This year’s student body representatives include Rylee Ott, president, Morgan Lawry, vice president, Jaidyn Delgado, treasurer and Whitney Bernard, secretary. Aspen Mori is the senior class president and is accompanied by Trotter, vice president; Sarah Courser, secretary; and senior class representatives Eva McHaney, Rose Vasquez and Tully Barton.
Courser has been involved with student council since her freshman year and was active in Students Taking on Prevention (STOP), Future Health Professionals (HOSA) and PEP Club. For this senior, she was hopeful for a normal graduation, including walking across a stage and accepting her diploma. While those two things don’t change – mainly, the privacy of the event – Courser plans on attending Boise State University to become a labor and delivery nurse or an ultrasound technician.
There’s no denying, though, that the pandemic hasn’t affected her family atop of graduation and planning on going to college.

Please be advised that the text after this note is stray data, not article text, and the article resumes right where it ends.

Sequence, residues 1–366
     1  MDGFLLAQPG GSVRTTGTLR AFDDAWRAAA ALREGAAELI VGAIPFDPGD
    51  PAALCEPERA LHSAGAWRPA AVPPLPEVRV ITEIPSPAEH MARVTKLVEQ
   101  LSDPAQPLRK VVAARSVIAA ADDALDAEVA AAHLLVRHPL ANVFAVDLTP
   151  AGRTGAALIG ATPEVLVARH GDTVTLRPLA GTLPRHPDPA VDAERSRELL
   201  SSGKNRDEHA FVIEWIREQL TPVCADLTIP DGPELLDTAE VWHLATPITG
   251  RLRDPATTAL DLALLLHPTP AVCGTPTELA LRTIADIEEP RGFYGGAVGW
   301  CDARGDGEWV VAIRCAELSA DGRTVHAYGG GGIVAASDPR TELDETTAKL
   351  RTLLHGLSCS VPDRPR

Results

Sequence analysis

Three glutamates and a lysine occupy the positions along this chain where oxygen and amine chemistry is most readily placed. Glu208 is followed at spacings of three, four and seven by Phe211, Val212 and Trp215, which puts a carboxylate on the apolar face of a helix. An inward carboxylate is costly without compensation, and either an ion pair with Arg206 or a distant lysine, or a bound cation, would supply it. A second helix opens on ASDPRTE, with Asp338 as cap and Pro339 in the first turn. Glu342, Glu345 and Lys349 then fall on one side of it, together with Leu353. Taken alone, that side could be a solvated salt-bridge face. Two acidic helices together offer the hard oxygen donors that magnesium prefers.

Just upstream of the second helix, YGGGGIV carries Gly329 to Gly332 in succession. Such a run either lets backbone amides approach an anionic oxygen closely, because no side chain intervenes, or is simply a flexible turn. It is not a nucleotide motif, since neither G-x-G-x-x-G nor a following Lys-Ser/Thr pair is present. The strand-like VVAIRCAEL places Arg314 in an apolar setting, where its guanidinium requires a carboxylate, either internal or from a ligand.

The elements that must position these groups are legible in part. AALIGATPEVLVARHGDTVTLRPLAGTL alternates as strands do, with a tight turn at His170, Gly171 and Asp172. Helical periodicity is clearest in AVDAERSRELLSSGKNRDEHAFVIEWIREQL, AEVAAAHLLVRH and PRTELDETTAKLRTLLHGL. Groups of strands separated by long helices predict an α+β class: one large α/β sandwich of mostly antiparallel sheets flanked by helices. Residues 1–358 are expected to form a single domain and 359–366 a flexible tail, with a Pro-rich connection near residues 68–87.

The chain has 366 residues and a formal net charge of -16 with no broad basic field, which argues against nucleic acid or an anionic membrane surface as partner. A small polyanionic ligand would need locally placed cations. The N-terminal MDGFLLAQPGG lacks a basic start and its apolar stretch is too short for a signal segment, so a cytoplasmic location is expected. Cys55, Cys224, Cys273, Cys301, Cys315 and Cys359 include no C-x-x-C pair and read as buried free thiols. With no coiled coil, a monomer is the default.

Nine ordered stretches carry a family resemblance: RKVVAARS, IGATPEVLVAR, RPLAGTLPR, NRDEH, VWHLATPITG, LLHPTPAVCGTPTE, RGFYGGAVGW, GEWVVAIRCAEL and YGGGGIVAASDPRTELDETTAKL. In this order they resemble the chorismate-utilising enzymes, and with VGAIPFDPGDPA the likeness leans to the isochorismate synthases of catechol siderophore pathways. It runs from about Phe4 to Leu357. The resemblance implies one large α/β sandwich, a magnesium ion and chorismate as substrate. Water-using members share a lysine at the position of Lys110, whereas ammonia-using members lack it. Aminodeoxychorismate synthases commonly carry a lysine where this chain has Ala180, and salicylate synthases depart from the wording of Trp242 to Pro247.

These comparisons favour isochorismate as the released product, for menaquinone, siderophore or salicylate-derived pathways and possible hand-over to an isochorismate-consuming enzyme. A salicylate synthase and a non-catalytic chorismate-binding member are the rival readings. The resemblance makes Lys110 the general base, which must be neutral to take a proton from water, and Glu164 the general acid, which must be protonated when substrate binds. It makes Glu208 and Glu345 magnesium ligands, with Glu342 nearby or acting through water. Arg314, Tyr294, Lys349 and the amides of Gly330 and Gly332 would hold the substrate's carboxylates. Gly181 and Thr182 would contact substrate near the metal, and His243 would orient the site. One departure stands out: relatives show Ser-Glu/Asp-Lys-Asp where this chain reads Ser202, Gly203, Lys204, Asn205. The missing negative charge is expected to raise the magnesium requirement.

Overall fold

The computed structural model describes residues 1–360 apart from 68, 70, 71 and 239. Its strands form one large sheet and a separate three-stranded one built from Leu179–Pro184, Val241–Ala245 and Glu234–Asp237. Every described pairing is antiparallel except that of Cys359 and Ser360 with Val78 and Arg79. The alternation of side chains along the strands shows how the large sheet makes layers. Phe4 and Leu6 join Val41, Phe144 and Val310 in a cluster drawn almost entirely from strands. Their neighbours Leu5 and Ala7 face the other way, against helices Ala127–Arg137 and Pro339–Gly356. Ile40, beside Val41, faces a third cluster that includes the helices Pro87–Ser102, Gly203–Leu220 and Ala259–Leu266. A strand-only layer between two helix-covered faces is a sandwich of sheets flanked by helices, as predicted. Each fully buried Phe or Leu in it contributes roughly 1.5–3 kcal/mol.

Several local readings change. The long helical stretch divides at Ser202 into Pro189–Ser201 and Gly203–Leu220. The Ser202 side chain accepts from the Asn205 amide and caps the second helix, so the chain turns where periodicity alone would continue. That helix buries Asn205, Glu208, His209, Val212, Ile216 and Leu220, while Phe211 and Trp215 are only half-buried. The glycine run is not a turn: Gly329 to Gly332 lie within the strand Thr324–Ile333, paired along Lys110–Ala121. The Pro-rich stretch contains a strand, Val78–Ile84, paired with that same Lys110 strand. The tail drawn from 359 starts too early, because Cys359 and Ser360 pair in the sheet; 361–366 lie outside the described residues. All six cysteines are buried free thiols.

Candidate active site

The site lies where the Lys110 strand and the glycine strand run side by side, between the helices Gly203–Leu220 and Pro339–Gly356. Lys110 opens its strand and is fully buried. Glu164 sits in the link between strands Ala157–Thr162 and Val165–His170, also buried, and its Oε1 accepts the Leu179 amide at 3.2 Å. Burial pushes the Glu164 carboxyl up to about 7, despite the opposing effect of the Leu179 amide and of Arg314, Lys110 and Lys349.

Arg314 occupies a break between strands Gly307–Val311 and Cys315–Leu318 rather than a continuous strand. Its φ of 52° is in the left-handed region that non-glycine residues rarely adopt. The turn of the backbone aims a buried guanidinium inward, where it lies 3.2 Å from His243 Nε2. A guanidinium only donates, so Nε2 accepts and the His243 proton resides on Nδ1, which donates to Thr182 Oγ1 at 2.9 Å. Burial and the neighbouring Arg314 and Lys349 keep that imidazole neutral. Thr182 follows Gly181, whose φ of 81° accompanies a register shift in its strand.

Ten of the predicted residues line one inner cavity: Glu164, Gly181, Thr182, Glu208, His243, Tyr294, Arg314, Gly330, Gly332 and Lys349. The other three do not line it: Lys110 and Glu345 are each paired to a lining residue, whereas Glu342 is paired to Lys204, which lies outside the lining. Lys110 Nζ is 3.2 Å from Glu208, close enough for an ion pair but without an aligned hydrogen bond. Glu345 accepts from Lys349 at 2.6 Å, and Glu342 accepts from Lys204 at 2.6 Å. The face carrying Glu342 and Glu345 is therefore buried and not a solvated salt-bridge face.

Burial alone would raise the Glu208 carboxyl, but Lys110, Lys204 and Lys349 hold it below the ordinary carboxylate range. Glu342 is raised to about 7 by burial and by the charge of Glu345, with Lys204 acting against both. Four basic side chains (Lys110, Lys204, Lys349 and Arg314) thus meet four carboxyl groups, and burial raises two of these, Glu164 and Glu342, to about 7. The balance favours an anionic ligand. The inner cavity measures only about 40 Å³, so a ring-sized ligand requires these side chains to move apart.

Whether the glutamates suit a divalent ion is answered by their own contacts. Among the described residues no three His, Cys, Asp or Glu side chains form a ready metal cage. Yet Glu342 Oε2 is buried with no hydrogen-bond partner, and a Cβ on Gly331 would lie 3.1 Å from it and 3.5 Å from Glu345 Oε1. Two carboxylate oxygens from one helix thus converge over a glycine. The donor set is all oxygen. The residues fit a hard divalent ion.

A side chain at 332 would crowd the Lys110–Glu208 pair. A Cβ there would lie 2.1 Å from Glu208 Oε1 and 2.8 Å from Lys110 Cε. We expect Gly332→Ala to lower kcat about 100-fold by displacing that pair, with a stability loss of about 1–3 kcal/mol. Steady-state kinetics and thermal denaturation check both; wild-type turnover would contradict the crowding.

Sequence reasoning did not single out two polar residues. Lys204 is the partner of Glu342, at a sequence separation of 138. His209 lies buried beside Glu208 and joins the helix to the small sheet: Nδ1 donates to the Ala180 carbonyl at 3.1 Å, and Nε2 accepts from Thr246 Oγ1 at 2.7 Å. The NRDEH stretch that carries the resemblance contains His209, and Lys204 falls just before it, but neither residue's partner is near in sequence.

“It has affected our social lives and just our life in general,” she said. “We were put in a strict lockdown to protect my grandma and stepdad from catching the virus and we hardly were able to leave, so it was just hard because there is only so much you can do.”
Others in the senior class echo similar concerns and frustrations about the pandemic and how it has affected their final two months of high school and cast some uncertainty on the future. Sometimes, though, it’s the little things that are missed more and taken for granted.
“I was looking forward to having those last special moments with not only my close friends but with my whole class,” said Ariana Magana, who played volleyball in the fall, and plans on attending UNR. “I have many ups and downs on handling the scenario. I go back and forth with staying optimistic and being positive, but then feel upset and let down knowing we won’t get a traditional graduation ceremony. I plan to keep staying positive and just hoping it gets better.”
Rebecca Taylor, who performed in choir and band, was looking forward to her family watch their daughter walk across the stage. But she was also hopeful to experience several of her final senior moments like her sister did last year.
“Last year, my sister did all the fun stuff and I told myself that during my senior year, I’d be able to have fun too,” she said. “That I would be able to hang out with my friends, live my life before I have to be serious. I was looking forward to my family seeing me walk.”